Moreover, there are two figures in my paternal family line who were driven, obsessive, bright, and socially awkward--who seemed to create their own eccentric worlds within the larger world, damn the consequences. One of them was also obsessed with weight-lifting and running in the early twentieth century, a time before those things were accepted. And I will readily admit that I am an obsessive sort of writer myself. So I felt REH as kindred, felt that I knew him, felt that he could have found a place in my family tree. In my life, I have loved (that complicated dance!) family members who seemed very much like him.

While I did read REH's stories and poems (I think it's sad he gave up on the poetry, though I understand why) and am fascinated by the whole idea of making iconic figures that stick in our cultural imagination, it was the life that most compelled me. I did not choose to make a book that would be solely "about" him--I wanted to shape it as I pleased, and so I do not claim the license of a biographer to use his name. 

I like to do something different from what I have done before, each time I make a book, and this time I used a life as a kind of template. For me, that sort of license goes back to Shakespeare, who showed us the fascination of borrowing an outline and some details and then coloring at will--displaying the energy and freedom of bridging gaps, leaping from point to point. 

So you might say that I ran to the coastal edge of Howard's writing and leaped off into my own strange seas. Anything less would have been derivative. I wanted to make a book that did justice to a man's essential yearning and loneliness. I wanted to praise and reveal the figure of a visionary caught in a complex maze that would have surprise and blind passages and beauty and savagery.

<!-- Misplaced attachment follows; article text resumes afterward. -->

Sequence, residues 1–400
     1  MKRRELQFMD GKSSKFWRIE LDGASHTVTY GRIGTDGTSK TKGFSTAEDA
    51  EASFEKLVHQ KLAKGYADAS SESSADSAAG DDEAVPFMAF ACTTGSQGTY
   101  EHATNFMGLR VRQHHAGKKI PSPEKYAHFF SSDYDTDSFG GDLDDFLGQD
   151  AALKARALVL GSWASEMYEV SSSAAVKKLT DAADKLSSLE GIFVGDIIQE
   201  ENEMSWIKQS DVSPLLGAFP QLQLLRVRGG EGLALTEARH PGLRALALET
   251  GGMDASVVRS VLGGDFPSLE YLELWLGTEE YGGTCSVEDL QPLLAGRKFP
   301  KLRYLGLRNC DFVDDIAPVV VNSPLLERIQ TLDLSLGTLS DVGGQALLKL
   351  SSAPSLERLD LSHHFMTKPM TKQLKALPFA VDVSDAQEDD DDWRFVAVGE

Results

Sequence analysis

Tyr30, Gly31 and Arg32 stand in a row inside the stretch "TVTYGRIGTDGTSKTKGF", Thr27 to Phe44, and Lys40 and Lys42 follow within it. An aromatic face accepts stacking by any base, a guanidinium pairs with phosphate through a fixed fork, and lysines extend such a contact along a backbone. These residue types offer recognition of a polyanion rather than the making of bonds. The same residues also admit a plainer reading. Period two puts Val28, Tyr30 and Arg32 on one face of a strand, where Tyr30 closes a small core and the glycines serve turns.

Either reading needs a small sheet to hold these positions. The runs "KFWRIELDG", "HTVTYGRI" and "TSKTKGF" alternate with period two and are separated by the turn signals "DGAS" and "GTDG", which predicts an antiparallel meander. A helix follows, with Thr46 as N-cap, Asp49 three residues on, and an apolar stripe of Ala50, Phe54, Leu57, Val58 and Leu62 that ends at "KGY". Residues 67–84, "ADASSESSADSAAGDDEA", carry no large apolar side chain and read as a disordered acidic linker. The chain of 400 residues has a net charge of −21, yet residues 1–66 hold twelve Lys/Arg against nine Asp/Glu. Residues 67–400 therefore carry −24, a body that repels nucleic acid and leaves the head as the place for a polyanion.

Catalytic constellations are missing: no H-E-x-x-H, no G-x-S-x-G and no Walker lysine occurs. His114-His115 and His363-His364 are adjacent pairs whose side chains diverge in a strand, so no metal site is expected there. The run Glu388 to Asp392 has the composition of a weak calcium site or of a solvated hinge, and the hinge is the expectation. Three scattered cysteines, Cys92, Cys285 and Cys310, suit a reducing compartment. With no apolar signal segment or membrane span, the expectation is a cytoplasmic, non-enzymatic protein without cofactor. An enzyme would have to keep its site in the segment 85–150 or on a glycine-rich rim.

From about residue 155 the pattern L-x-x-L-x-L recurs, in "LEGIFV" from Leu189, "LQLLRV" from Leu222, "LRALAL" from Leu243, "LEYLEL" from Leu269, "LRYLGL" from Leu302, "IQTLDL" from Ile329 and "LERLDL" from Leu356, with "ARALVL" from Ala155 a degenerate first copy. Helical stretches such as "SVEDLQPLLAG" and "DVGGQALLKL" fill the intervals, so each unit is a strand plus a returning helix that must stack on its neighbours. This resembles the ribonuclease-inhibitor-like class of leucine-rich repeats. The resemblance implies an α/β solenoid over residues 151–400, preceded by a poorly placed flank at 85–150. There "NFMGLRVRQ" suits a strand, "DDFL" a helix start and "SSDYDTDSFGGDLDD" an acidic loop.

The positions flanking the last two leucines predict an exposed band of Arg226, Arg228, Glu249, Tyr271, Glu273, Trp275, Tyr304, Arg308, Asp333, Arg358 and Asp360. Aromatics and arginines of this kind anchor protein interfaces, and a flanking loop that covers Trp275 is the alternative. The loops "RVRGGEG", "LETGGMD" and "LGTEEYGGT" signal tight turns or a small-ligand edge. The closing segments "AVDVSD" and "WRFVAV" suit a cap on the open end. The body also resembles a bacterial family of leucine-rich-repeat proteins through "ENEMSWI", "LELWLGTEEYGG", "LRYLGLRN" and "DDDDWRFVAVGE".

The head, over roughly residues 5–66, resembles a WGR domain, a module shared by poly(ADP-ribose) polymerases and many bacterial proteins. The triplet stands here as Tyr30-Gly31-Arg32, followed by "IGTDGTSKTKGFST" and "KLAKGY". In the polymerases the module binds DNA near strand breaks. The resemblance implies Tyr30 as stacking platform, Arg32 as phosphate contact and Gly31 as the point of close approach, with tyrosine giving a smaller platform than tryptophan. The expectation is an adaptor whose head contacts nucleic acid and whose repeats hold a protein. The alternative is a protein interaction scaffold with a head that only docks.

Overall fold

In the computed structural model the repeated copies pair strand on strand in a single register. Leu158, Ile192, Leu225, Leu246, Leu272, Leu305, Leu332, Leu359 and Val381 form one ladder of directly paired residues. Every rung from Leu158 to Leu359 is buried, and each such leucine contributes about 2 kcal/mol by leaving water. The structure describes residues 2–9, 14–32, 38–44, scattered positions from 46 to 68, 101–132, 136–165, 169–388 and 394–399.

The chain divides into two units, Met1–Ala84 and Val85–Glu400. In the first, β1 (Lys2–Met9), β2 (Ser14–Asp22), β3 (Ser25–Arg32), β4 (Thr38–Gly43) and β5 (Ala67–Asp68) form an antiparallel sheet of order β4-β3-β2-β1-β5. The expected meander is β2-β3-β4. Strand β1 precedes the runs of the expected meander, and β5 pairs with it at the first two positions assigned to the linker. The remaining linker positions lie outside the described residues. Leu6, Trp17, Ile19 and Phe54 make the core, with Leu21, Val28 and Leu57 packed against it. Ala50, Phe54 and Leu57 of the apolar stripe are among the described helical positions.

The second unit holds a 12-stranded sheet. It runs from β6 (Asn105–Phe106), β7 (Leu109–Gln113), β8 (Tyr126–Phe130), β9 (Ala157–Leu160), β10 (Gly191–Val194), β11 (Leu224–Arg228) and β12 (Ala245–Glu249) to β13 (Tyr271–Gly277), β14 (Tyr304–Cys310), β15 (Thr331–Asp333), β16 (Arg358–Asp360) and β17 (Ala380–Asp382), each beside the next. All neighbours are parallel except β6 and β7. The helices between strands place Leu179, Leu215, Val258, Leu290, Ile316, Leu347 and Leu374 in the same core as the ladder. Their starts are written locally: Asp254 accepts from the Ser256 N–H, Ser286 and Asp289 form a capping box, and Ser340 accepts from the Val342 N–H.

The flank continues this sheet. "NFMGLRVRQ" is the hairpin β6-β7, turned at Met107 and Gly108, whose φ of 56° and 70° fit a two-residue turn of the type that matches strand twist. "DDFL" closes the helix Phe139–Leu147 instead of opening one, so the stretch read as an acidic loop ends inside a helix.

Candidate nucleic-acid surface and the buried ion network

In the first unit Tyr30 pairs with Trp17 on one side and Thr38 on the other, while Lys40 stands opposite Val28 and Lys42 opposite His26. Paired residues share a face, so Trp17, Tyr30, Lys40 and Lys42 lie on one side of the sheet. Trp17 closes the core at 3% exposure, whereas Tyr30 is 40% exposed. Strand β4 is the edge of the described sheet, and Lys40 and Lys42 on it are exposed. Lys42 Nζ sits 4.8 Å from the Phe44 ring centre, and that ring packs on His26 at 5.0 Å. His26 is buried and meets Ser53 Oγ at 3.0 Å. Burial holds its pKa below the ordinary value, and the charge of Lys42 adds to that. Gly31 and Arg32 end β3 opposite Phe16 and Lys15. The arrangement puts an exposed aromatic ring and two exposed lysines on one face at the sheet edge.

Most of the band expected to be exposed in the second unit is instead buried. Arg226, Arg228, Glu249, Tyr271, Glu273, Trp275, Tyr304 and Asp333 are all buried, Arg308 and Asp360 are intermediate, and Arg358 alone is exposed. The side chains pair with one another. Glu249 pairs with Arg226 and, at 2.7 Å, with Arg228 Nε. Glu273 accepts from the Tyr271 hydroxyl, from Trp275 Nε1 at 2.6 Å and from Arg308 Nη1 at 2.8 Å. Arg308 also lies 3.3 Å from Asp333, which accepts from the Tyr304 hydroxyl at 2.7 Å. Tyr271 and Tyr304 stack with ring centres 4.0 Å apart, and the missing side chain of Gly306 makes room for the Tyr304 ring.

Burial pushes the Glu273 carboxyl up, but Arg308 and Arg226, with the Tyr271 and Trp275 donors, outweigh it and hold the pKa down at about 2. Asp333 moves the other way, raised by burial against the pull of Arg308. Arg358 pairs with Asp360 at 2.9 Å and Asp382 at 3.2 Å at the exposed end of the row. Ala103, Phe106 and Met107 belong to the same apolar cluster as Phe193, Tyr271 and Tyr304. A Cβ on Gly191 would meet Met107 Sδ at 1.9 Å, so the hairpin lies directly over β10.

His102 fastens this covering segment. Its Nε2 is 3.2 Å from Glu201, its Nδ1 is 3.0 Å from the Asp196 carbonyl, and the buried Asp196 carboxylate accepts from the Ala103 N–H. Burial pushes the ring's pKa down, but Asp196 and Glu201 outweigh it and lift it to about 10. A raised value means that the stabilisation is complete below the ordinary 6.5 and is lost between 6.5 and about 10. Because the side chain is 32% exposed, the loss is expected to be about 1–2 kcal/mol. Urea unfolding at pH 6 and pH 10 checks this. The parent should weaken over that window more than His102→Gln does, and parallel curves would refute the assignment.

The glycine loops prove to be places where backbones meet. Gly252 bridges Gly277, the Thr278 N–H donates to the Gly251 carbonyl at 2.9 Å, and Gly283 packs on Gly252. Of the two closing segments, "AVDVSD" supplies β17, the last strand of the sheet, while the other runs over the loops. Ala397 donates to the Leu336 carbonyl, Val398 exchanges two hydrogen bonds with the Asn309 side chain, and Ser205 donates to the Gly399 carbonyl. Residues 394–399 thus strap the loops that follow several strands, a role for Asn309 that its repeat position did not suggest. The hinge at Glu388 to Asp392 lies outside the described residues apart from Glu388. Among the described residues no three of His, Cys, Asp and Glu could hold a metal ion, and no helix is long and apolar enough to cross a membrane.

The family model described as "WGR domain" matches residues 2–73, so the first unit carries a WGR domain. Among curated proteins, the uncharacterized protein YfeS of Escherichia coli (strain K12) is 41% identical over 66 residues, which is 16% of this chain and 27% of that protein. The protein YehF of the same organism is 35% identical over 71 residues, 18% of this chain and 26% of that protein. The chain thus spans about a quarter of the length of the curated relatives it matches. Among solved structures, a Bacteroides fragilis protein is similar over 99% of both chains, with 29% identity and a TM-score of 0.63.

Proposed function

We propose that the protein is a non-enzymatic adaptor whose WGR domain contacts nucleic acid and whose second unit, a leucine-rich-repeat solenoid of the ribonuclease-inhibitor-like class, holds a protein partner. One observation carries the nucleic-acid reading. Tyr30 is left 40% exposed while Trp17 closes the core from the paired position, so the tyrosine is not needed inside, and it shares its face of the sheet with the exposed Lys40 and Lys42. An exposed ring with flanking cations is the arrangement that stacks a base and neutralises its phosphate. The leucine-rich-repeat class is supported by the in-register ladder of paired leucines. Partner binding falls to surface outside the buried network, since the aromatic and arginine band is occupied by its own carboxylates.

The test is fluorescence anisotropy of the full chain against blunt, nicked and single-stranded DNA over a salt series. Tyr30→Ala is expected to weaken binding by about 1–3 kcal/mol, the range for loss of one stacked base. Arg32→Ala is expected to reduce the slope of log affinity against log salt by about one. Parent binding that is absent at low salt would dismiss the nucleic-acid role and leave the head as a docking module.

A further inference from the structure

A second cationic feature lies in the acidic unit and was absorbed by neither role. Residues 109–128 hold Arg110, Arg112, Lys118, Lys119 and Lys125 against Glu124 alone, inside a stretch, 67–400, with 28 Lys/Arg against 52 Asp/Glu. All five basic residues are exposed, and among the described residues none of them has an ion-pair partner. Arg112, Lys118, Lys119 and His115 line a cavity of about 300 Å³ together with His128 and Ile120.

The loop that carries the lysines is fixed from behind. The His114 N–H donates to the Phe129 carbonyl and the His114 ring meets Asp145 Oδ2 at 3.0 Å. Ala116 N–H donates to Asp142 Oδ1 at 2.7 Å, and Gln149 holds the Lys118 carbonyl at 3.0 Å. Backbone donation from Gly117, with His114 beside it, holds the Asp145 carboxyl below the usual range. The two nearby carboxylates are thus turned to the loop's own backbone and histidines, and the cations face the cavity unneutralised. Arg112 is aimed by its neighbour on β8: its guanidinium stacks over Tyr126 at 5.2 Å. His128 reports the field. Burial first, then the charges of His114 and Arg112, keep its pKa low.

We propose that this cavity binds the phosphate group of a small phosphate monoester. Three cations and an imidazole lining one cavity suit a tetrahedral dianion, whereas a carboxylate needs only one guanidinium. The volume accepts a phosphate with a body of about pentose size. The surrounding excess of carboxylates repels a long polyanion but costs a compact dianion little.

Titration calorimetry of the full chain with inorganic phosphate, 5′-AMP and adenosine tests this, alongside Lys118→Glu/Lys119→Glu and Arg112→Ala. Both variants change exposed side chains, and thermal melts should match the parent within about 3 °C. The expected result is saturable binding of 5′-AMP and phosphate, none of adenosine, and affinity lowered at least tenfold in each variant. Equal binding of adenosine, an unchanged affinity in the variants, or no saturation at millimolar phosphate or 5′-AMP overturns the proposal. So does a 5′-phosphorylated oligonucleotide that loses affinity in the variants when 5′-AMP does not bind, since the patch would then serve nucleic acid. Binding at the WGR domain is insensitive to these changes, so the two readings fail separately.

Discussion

Well, I find that it has taken me more lines to explain what drew me to the material than I expected. Thank you again for your interesting, generous words, and for the revelation that is bacon-infused bourbon....

Salud!
Marly

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And in answer to various people (mostly facebookians), I will eventually say something about my travels in Chile, Peru, and Mexico. Yes, wondrous!

2 comments:

  1. Very nice! I'll be reading Maze next month, and I am excited in advance. Also, welcome back to the Northern Hemisphere!

    ReplyDelete
    Replies
    1. Thanks for the welcome! Thanks for the reading, too. Much appreciated.

      Delete

Alas, I must once again remind large numbers of Chinese salesmen and other worldwide peddlers that if they fall into the Gulf of Spam, they will be eaten by roaming Balrogs. The rest of you, lovers of grace, poetry, and horses (nod to Yeats--you do not have to be fond of horses), feel free to leave fascinating missives and curious arguments.